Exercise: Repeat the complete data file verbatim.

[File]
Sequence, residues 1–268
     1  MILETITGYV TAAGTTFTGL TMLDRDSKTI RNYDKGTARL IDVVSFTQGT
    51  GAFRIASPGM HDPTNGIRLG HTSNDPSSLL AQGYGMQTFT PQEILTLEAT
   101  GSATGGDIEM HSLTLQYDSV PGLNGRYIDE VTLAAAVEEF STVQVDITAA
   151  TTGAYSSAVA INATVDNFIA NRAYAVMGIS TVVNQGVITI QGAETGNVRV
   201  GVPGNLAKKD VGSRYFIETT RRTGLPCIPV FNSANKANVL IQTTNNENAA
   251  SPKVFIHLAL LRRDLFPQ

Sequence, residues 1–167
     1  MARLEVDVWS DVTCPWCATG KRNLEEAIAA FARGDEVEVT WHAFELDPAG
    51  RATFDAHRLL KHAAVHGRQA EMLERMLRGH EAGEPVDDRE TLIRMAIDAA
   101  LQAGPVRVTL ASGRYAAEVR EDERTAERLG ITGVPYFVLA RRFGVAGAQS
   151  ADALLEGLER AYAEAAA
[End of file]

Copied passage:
Sequence, residues 1–268
     1  MILETITGYV TAAGTTFTGL TMLDRDSKTI RNYDKGTARL IDVVSFTQGT
    51  GAFRIASPGM HDPTNGIRLG HTSNDPSSLL AQGYGMQTFT PQEILTLEAT
   101  GSATGGDIEM HSLTLQYDSV PGLNGRYIDE VTLAAAVEEF STVQVDITAA
   151  TTGAYSSAVA INATVDNFIA NRAYAVMGIS TVVNQGVITI QGAETGNVRV
   201  GVPGNLAKKD VGSRYFIETT RRTGLPCIPV FNSANKANVL IQTTNNENAA
   251  SPKVFIHLAL LRRDLFPQ

Sequence, residues 1–167
     1  MARLEVDVWS DVTCPWCATG KRNLEEAIAA FARGDEVEVT WHAFELDPAG
    51  RATFDAHRLL KHAAVHGRQA EMLERMLRGH EAGEPVDDRE TLIRMAIDAA
   101  LQAGPVRVTL ASGRYAAEVR EDERTAERLG ITGVPYFVLA RRFGVAGAQS
   151  ADALLEGLER AYAEAAA